Lawmakers, LGBT community discuss anti-discrimination legislation

Posted at 9:35 PM, Feb 26, 2014
and last updated 2014-02-26 23:35:22-05

SALT LAKE CITY -- Hundreds from the LGBT community showed up to the State Capitol Wednesday for a meeting with lawmakers. They want SB 100, a bill which would provide protection in housing and employment for LGBT Utahns, revived.

But will they get it? It seems unlikely this legislative session.

"I was born Randall Heller, but I stand before you today as Rachel Heller, the person I've always known myself to be," said Rachel Heller, just one of many LGBT Utahns sharing personal, passionate stories about what life is like in Utah.

"I didn't choose to have a transgender child but I have chosen to love and support Grayson," said one Mormon mother who is asking lawmakers to support equal protection in housing and employment.

But SB 100 fell flat on its face.

"When Connor was 15, about a year and a half ago, he showed his love for Laurie and me by telling us he was gay," said Joey Eccleston with tears in his eyes.

His son wants to leave the state out of fear of a future of discrimination in Utah.

Senator Steve Urqhart, R-District 29, spoke in response.

"As Chair of the Senate Higher Education Appropriations Committee, stay in Utah,” he said. “We can use you here. Give us a chance to catch up to you and your parents, OK?”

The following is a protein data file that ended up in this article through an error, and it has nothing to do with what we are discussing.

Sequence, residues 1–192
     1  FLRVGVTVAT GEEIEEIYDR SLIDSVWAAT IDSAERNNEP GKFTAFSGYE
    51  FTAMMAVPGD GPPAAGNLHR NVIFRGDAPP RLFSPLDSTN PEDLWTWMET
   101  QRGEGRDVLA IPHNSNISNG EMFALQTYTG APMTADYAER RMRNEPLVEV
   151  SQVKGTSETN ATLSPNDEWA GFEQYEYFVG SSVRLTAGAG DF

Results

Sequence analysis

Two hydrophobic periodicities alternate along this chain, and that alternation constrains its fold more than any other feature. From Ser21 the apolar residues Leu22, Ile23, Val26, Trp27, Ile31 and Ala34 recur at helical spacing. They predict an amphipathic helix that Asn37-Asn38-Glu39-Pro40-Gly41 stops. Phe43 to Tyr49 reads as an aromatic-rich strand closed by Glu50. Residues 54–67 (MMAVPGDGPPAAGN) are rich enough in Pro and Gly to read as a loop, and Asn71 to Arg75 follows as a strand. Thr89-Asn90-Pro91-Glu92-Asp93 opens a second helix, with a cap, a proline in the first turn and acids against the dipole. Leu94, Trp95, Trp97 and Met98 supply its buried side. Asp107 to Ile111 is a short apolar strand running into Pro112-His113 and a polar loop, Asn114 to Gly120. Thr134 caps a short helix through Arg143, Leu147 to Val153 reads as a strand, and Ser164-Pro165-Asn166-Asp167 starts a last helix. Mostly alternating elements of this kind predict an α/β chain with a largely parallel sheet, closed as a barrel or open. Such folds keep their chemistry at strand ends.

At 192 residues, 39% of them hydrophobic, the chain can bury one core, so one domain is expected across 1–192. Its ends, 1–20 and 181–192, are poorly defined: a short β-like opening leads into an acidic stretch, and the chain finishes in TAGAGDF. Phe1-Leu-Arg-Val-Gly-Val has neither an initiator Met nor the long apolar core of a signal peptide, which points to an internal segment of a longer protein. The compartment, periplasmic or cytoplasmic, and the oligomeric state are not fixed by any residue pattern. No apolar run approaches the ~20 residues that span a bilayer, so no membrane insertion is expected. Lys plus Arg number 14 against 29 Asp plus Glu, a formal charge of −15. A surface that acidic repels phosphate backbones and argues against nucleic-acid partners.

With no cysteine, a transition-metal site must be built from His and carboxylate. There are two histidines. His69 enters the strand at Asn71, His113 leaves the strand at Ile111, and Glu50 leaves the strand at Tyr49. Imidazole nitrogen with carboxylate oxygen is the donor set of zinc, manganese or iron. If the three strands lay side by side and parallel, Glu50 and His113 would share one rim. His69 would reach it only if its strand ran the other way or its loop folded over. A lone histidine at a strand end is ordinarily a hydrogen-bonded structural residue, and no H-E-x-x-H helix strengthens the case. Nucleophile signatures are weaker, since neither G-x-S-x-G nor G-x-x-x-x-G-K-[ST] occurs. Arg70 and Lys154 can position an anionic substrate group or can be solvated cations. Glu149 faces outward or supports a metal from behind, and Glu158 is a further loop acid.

The statement got applause in return. He and Senator Jim Dabakis, the first openly gay Democratic State Party Chair, organized the meeting.

"Since the age of 10, I knew there was something different: That I was gay," said Justin Udley, who told lawmakers he was fired because of his sexual orientation. "She said that had they known I was gay during the interview process they would not have hired me."

Lt. Governor Spencer Cox was also at the meeting. FOX 13 News asked whether he believed if it was right for employers to fire LGBT Utahns based on their sexual orientation.

"I think it's very difficult,” he said. “Again, I believe that we should make business decisions based on business reasons, and that's how I practice in my private practice, and so as hearts and minds understand this I think it will be interesting to see as things move forward in this state."

"I am disappointed of course I am, I think there was an unfortunate confusion of the Amendment 3 case, which is working its way through the courts, and this bill. One is marriage, and the other is housing and employment discrimination protection," said Brandie Balken, the Executive Director of Equality Utah.

She had high hopes for SB 100 before the session started, but lawmakers squashed the bill, putting it on hold pending the Amendment 3 appeal.